Digital History has integrated computer and data science into my understanding of history. Although the class introduced the use of statistics and data visualizations to direct historical research and presentation of data, the basic research skills that I learned within the methodology course guided the thesis that I developed for my final project. My website utilized traditional Marxism to analyze the ideology and thoughts of Mao Zedong. I then fit this methodology into my analysis of the Cultural Revolution, using the data visualizations to map the geographical component of the revolution and trace key historical actors within the city of Beijing. Using these tools allowed me to make sense of the chaos of a revolution, a difficult task for all historians. The outcomes of this project are many. I learned that the fracturing of the Cultural Revolution followed a distinct pattern of violence that occurred within the ideology of Mao’s perception of the reactionary. Reactionary eventually was distorted by Mao Zedong and the Central Cultural Revolution Group to include anyone who defied the power of the state. The majority faction of the Red Guard was labeled reactionary while the minority faction was praised for following the direction of the Cultural Revolution. This marks direct violation of the ideology that Mao put in place for the Cultural Revolution and state sanctioned communism as a socialist movement. Mao’s thoughts expressed a yearning for a more democratic understanding of socialism. Unfortunately, due to the nature of the Cultural Revolution, Maoist communism replicated that of Stalin; authoritarian and oppressive.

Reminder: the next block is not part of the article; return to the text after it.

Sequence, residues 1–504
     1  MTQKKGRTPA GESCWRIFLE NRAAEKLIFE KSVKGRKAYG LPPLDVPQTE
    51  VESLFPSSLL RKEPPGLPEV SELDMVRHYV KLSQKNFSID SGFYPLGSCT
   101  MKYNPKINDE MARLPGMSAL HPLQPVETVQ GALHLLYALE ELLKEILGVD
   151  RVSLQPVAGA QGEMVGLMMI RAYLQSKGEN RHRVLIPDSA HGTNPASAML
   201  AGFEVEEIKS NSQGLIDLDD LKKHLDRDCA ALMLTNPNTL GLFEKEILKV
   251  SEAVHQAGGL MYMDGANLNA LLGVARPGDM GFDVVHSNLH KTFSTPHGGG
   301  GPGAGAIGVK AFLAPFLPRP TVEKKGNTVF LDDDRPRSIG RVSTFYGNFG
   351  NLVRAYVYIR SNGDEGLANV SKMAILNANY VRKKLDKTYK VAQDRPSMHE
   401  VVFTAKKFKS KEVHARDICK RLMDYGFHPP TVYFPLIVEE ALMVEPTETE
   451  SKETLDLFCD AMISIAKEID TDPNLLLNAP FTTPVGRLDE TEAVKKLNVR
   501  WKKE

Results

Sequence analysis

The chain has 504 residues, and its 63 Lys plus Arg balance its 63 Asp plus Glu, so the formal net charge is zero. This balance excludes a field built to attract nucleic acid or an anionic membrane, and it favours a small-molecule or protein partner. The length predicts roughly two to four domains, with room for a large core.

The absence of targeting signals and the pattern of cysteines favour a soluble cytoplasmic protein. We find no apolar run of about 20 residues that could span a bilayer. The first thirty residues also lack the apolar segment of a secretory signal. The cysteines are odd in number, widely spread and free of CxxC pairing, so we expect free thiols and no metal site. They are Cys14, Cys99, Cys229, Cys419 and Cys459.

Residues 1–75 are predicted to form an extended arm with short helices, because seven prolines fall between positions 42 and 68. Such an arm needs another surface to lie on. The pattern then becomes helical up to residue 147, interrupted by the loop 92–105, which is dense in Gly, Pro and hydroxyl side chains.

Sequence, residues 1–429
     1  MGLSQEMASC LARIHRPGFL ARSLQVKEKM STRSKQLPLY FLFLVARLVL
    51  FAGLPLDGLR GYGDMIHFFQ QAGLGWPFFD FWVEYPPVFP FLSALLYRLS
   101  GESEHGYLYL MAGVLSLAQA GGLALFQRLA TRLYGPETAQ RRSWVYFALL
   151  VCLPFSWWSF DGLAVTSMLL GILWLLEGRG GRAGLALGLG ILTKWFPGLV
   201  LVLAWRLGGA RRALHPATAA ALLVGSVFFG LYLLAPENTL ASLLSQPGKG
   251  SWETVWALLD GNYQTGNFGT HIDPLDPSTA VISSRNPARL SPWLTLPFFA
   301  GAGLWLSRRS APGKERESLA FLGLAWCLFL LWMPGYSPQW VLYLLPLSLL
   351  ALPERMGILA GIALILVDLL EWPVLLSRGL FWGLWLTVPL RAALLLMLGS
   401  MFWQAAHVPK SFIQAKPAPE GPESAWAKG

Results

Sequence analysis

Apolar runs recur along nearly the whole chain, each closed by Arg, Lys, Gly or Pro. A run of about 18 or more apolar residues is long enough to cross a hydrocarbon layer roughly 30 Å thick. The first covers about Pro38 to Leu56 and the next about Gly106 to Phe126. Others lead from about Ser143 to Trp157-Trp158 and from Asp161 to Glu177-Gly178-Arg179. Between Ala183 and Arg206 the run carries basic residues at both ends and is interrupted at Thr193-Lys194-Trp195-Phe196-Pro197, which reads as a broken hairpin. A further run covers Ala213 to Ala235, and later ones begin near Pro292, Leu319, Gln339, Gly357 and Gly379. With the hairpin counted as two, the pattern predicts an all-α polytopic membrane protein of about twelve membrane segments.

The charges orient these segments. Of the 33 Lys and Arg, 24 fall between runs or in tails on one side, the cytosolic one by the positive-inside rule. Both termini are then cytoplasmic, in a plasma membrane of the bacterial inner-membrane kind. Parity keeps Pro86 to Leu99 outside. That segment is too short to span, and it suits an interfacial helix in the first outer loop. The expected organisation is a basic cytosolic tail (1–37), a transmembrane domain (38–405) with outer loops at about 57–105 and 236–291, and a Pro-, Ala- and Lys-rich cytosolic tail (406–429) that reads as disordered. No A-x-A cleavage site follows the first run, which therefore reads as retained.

This understanding of the distortion and dilution of Mao’s original rhetoric would not have been possible with digitally mapping the course of the Cultural Revolution in Beijing. Widespread factionalism within Beijing at all the universities resulted in discontent among most of the urban proletariat. All of these conclusions occurred as a result of carefully choosing sources that had facts that could be presented in visual format. I found that sources whose argument resided too much on ideology and would spot reference primary sources and events were the least valuable to building my project. This has important implications; do the sources that do not meet the data requirements of the data visualization tools not meet the expectations of professional historical inquiry? Has technology invalidated some of the traditional historical methodologies that utilize broad themes to categorize and explain certain events? What role does data play in the future of historical inquiry that uses ever expanding outlets of media to convey historical facts to the less educated and lay audience? I can say with relative certainty that these tools are becoming more common in education and the next generation of students will be even more likely to demonstrate apprehension when citing academic research published prior to the incorporation of digital methodology and data science.